“I hate self-reflection,” someone told me the other day. I pushed her to give me details, to figure out where the discomfort lay. As someone who has never been able to avoid self-reflection, no matter how hard I try, I was fascinated.
It seems to me that thinking about who we are, why we do what we do, and processing experiences is just a part of being human. The word “self” in front of anything can feel like navel-gazing, and I can’t deny that this is a pitfall for me. But to do without debriefing life? This seems rather empty.
Because reflection has always been second nature, I knew something was wrong when I stopped remembering. What did we have for dinner last night? I made plans for this afternoon? Along with this forgetfulness came my inability to verbalize what was wrong. Gabe’s patience is legendary, and I tried to tell him what was going on, but for the first time in a long time, I just didn’t know.
I asked for a copy of The Sacred Ordinary Planner for Christmas. As the world demands attention, other things have been neglected. God has not shouted at me, but he has been whispering, and nothing points me back to Him more than my insufficiencies. It is not judgment I feel — although, perhaps at times I should — but more God quietly reminding me that I am finite.
There are many ways that this finitude has come to light. Multiple times a week, I need to remind myself that I cannot heal other people’s relationships, that I cannot be the best (or favorite) teacher of every student, and that not sticking to a budget 100% does not make me a weak person. The most glaring of these though, is the daily work of mothering. I never knew I had a strong imagination; as a little girl, I longed to have dreamworlds like L. M. Montgomery’s characters, castles in the sky I could escape to when I was lonely. I didn’t know that my imagination just took me elsewhere: to a farm with rolling orchards and familial partnership, to writing and publishing books someday, to singing opera in a sparkly navy gown (before I even really knew what opera was).
Likewise, I didn’t know that I have imagined what kind of mother I would be long before I became one. Not in some tangible, obvious way. Becoming a mother felt so far off for awhile that I forgot it was a possibility. It’s more that I imagined This Other Me who would suddenly appear, with patience and creativity and endless joy. I imagined easily floating through days where my children learned, where I created, and where we all grew in a bond of mutual admiration and respect.
This is not to say that these things never happen. Evangeline is without question a delightful child. Her weaknesses are beginning to show; her humanity is peeking through her demands, through her longing to connect. It is more that I am still me, and I struggle with being at the beck and call of anyone, let alone a little girl under three feet tall. I remember that attachment is healthy, that flour flying all over the floor and counter is worth Evangeline feeling the thrill of baking, of being a helper. I remember these things, and I seek connection with others who feel the same way. There is no other way for me to be, so how to refine the way I am?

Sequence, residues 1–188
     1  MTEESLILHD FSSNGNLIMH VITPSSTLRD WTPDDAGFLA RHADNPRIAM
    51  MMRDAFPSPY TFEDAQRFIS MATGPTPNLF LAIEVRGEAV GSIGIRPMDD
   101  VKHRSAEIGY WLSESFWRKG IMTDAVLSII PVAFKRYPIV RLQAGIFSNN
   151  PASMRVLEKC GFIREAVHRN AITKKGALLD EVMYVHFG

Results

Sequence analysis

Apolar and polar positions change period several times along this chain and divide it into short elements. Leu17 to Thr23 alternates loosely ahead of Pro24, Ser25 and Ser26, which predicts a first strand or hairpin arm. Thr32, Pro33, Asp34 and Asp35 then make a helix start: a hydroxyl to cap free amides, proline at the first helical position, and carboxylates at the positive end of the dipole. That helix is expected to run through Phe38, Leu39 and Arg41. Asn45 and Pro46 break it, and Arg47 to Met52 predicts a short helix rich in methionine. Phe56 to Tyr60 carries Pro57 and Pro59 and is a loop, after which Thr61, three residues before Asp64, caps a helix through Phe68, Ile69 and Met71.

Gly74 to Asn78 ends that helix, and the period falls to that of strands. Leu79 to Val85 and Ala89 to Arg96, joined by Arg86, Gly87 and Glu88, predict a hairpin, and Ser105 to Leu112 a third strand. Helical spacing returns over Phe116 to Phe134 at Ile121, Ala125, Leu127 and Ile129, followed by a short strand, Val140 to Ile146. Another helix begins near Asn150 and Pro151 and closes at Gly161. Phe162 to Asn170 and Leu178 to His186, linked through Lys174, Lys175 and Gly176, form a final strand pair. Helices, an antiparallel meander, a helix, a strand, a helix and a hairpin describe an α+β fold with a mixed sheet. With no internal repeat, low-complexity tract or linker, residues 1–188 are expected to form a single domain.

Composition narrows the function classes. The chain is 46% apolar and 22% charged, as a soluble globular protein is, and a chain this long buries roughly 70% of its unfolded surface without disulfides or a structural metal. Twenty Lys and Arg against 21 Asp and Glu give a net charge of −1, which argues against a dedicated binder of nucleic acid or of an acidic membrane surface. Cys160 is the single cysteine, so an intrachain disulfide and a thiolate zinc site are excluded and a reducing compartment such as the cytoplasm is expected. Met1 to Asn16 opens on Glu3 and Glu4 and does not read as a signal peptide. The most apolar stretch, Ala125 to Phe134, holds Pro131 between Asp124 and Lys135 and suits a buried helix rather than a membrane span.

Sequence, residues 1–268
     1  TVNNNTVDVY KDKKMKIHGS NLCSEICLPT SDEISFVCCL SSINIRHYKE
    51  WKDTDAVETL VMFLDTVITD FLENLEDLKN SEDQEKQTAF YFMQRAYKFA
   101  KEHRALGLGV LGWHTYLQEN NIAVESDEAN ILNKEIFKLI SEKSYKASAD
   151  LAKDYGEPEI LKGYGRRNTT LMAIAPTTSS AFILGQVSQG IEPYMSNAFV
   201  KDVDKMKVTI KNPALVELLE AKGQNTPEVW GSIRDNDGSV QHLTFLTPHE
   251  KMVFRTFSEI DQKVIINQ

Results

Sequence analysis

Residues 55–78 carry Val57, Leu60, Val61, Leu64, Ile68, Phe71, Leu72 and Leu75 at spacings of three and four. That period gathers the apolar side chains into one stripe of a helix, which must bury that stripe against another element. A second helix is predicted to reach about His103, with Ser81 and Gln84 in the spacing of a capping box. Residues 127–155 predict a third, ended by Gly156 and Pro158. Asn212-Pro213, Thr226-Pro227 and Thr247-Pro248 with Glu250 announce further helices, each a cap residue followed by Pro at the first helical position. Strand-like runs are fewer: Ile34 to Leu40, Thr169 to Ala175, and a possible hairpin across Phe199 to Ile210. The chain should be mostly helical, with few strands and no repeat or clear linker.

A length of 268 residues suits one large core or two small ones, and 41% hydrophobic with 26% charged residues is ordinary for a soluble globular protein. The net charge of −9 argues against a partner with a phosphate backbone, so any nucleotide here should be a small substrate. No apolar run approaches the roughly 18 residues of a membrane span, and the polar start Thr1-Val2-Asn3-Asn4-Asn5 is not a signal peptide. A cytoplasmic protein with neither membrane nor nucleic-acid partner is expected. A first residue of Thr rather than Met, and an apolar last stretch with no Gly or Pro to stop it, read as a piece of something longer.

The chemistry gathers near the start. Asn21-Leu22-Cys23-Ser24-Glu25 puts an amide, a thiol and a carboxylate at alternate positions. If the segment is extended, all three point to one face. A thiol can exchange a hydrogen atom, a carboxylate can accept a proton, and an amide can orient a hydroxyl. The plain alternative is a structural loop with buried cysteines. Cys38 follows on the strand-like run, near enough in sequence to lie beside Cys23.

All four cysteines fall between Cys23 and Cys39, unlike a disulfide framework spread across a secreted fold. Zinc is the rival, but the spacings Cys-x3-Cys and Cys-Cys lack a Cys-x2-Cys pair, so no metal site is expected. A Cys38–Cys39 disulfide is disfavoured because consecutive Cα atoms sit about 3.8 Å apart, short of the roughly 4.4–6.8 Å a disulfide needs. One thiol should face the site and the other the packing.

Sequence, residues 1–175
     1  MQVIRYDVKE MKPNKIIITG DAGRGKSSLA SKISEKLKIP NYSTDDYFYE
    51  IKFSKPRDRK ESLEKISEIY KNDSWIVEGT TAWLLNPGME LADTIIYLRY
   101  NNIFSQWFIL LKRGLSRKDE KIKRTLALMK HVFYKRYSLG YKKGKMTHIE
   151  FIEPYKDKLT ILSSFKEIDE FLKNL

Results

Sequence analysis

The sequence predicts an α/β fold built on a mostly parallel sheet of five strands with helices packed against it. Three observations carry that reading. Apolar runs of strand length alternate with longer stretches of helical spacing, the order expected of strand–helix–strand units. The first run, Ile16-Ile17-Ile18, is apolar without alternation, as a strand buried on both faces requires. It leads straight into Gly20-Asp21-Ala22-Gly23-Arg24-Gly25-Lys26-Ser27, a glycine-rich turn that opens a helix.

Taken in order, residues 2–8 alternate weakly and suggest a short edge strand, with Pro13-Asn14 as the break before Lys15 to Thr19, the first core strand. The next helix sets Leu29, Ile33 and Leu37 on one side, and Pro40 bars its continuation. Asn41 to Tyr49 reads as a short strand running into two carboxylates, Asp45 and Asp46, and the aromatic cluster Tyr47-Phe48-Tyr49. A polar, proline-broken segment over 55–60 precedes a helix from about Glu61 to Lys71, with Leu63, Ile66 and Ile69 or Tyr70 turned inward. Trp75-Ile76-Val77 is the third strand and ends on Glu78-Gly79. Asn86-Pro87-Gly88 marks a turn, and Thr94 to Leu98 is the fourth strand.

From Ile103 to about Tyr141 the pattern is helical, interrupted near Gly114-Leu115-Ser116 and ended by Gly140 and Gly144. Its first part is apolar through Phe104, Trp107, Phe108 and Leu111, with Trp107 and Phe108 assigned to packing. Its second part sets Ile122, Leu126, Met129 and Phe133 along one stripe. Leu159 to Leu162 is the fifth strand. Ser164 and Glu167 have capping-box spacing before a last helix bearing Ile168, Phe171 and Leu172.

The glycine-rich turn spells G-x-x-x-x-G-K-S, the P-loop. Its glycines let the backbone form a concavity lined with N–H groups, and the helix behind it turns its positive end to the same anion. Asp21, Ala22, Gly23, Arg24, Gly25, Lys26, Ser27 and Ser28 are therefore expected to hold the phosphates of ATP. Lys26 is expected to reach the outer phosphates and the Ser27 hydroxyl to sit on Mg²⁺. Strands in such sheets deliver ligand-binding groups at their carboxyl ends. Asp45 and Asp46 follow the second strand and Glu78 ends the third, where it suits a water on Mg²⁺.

When I sit down to write in my planner, I don’t yet know quite how to use it. Do I make lists? Set goals? Describe whatever inner landscape I’m experiencing that day? I keep missing days, and the amount of reflection that is required at the beginning of each week feels impossible: Reflect On This Week — Reset Next Week.
How can I do this when each week feels daunting?
How can I devote energy to reflection when all my energy has been sucked up by work and by others and by my own exhausting cyclical thinking?
When rest feels unattainable, and 5:30AM comes too soon?
I turn 32 today. An unremarkable number, although prettier than 31, I would argue. As I read the lectionary yesterday morning with the book resting on my belly, the little life inside me kicked against it. I won’t read into the action — as tempting as it may be — but I will reflect on the burgeoning of new life even within the body of an aging one. God speaks in many ways, and maybe one of those ways is a tiny baby’s movements, the rolling of a growing belly.
Every morning, the first thing Evangeline does when I pick her up her from her crib is bend down and kiss my belly.
“Baby kiss!” she says gleefully.
To distill her joy and make it available to everyone. To bottle it up and save it for myself on rainy days when tears come and problems feel unsolvable. I know she will eventually encounter life. She will meet people who hurt her — I will hurt her — and she will begin to feel the more complex emotions of adolescence and adulthood. But a little part of me wonders if perhaps one of her greatest gifts will always be her joy, and if that is what she will use to change her world.
I turn 32 today. We will eat takeout, reminisce about the past year, and dream towards the future, towards spring, towards new life. It will be hard for me to turn off my work brain and turn on my home brain. We will be exhausted by a little voice that repeats, by a little body that wants to be near, by refusal to eat dinner and demands for “Chocolate!” But I know that I will look up at Gabe across the room and smile, because the things in our life that take the most work are the things that are worth it.